At some point in my sales career I was introduced to “The Pendulum Theory”. It is a vicious cycle that most sales people fall victim too. The concept is significantly easier to understand then finding a solution.
If you are in sales you are well aware that every aspect of the sales cycle is tracked and measured. When a sales person begins their career or starts a new sale job, the first thing they do is pound the pavement and speak to as many prospects as possible to fill the sales funnel with new opportunities. These prospect meetings ultimately produce opportunities to deliver a proposal which in turn will result in a number of sales. The pendulum swings and reaches a high point. As the sales person begins to spend more time writing proposals and closing new business their attention moves away from prospect meetings. It is extremely challenging for the sales person to maintain a high number of new prospect meetings during this stage of the sales cycle. As a result, the funnel begins to dry up and the pendulum changes direction and begins a down swing. Depending on the length of the sales cycle from prospect meeting to close, the sales person finds themselves at a point where they need to increase the level of prospect meetings again and the cycle starts all over.
Needless to say, this is a frustrating cycle to the sales person and has significant impact on a small to midsize organization. Wouldn’t we all love to have a steady incline of sales performance? Nirvana is not as easily attained as it sounds.
So what can a sales person do to reduce the effects of “The Pendulum Theory “? Here are a few disciplines that can be followed but they are far from easy. My first suggestion is to respect the sales cycle and make every effort to add balance to your sales approach. Sales people should establish a goal of new meetings with prospects each month. The goal set should be attainable under the busiest of work conditions. No matter what is in the pipeline, a high priority has to be placed on reaching your new prospect meeting goal.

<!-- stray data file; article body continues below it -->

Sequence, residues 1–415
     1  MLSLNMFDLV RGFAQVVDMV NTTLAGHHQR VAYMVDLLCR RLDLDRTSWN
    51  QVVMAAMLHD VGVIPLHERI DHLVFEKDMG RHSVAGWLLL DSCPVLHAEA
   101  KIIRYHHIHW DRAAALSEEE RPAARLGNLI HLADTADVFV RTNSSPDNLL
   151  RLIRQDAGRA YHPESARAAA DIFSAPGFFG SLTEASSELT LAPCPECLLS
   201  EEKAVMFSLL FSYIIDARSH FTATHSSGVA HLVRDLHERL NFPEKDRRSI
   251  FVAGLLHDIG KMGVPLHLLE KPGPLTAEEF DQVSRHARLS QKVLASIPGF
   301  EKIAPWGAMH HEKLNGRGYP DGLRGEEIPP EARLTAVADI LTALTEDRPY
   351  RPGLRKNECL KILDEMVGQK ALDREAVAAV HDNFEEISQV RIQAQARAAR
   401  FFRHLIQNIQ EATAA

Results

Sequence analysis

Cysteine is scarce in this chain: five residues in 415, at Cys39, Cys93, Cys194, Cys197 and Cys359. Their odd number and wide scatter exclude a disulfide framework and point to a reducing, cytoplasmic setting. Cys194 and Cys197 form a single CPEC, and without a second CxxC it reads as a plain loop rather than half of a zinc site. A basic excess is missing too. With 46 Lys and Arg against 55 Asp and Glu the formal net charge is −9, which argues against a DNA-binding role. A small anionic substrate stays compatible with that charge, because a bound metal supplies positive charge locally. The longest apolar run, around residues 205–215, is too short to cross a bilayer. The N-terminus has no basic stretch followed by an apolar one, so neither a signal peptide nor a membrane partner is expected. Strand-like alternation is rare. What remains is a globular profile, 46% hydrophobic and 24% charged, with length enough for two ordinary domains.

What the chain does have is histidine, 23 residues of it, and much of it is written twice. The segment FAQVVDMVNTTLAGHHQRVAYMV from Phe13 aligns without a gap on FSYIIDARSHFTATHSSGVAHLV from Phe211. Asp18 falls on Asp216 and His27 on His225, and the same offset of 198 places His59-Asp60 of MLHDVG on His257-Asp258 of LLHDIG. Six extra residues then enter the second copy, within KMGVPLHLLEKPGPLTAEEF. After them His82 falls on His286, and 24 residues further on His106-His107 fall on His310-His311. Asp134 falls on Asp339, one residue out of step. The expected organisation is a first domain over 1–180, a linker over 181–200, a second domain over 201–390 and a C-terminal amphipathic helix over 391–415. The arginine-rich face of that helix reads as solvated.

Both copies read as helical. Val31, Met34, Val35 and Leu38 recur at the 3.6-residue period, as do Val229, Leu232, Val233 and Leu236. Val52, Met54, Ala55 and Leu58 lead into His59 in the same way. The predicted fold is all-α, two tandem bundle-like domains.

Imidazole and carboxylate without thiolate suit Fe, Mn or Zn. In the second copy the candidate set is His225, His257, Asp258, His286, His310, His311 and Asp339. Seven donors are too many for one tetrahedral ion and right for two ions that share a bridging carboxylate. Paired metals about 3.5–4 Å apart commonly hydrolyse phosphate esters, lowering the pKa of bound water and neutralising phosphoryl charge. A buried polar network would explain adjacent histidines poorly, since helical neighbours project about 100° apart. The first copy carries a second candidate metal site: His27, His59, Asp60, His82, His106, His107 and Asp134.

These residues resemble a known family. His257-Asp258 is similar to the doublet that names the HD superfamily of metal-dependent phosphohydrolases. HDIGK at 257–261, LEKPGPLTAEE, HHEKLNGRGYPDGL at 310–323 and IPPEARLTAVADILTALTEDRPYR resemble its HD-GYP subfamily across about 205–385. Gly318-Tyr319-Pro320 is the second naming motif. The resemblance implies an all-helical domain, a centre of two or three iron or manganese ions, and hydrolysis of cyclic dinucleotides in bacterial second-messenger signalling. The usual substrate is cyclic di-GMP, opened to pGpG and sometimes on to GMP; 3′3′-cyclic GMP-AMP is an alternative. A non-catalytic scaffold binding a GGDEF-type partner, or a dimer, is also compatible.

Another key discipline is the dedication to time management. It is so hard to block out time to prospect and conduct new meetings when your opportunities are in the final stages of the sales cycle, but if you are going to avoid falling victim to the pendulum theory, it is a must. Defining true sales activities from non sales activities is a critical piece of the puzzle. Client and prospect interaction should be done during business hours. Presentation and proposal development can be done before and after business hours.
Pursuit of the right type of opportunities is also critical to defeating the pendulum. Make sure that each opportunity has a high probability to close. I know, easier said than done but the effort must exist.
The final disciple I’ll share in this post is patience. Some would say that a patient sales person is not going to meet their quota. I disagree! Sales people should be aggressive with their client in an effort to close the sale but if that becomes the focus of all your efforts, something will suffer. That something is usually the filling of the funnel.
In summary, add balance, good time management skills and patience to your sales efforts and you will reap the rewards of a successful sales career. I hope the readers of this post will consider contributing their experiences.